Feel free to also add me to the list of people on notice this week for being behind on posts. I promise I will make up for my lateness with some new extra in-depth analysis. First things first though, here are how the numbers ended up in the LSU game.
- Kicks Attempted: 1- Lose by 7
- Kickoffs: 2- Lose by 25
- Kickoff yards: 140- Lose by 24
- UGA's 3rd Down Conversions: 7- Win by 18
- Rushing TD's: 0- Win by 1
- Length of game: 3:56- Lose by 19
- UGA's Total Offense: 296- Lose by 3
- Yards off Interceptions: 0- Win by 2
- UGA's 1st Downs: 19- Win by 8
- Rushing Yards: 78- Lose by 8
For those of you keeping count at home, that is an average loss by 6 points. Remembering that we had two dropped touchdowns, a missed field goal, and a few missed block in the back penalties on a LSU return TD that didn't actually cross the goal line; that number is pretty close(accounting for all of that puts us losing by only 8). We did have more first downs, total yards, and 3rd down conversions than LSU usually allows, so there is your moral victory. Oh yeah, and we held them without a first down in the entire first half. I know it went downhill quick after that, but it is worth mentioning again just for the dominance it reflects. The statistician in me was doing cartwheels around the living room with numbers like that(note: actual cartwheels may have also happened if i didn't live in a small apartment)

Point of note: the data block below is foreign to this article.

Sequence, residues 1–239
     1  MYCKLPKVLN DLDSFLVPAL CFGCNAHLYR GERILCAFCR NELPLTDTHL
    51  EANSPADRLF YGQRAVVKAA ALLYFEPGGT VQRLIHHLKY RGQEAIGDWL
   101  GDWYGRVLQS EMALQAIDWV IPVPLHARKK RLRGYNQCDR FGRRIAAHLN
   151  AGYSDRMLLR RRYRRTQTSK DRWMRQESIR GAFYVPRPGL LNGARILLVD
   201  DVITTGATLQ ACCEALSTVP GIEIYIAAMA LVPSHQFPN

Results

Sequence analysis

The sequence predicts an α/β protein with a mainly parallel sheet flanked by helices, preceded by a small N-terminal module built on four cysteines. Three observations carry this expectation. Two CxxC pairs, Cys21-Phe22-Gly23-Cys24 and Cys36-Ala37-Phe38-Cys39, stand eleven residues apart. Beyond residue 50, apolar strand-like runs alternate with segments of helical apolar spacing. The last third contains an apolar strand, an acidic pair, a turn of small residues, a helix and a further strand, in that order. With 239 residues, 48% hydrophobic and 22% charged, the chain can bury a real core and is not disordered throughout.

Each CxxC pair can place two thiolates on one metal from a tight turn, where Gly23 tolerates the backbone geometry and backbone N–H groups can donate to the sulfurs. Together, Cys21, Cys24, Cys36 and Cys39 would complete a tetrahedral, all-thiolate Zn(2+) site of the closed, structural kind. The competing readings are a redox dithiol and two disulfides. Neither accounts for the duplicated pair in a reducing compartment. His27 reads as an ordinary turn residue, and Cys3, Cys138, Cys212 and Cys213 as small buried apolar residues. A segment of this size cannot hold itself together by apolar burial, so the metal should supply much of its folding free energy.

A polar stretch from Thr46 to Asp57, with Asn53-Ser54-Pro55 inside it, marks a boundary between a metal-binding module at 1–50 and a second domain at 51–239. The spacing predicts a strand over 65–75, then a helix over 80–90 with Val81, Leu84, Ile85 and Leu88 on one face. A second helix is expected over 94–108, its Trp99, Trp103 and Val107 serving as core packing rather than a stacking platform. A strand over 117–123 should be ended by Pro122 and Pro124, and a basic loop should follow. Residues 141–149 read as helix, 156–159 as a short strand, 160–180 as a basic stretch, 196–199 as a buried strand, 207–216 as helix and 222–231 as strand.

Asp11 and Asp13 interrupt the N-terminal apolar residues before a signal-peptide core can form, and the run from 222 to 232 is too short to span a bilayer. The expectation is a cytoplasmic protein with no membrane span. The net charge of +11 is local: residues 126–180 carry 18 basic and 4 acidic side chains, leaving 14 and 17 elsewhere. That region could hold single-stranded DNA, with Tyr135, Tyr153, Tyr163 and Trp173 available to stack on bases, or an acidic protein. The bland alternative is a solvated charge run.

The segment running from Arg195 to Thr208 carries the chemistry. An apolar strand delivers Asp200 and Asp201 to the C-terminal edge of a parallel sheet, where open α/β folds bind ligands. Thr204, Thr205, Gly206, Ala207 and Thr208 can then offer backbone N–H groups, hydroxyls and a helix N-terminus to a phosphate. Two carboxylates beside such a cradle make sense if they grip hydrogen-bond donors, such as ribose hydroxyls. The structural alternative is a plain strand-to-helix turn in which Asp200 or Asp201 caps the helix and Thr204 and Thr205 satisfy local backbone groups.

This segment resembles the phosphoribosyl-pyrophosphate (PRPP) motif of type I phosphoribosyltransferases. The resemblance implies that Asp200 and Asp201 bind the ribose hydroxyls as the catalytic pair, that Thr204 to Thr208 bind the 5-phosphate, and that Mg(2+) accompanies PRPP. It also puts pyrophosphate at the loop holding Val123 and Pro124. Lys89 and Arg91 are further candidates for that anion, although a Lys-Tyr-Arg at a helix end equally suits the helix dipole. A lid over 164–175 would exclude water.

As promised, with the extra time in-between the end of the season and bowl games, I took a more in depth at the reported statistics. I converted lots of stats to percentages of total( ex. % of passes that ended as an INT, % of downs that were 1st downs), looked at averages(yards per rushing attempt), and found differences between our performance and our opponents(turnover margin, difference in rushing yards). These numbers are a much better reflection of our team's performance because it eliminates some of the obvious correlations like kicking being important, when it is really that kicking follows scoring of some type.
More than you ever wanted/needed to know about football stats after the break :After the usual analysis, here are the top 10 most important stats in relation to the scoring differential.
10. % of Opponent's Plays That Result in a Turnover- For the season, 3.7% of our opponents plays have resulted in a turnover. To win a game we need to get a turnover every 55 plays by our opponent. Since our opponents are averaging 60 plays per game, we essentially need 1 turnover per game. Sounds about right.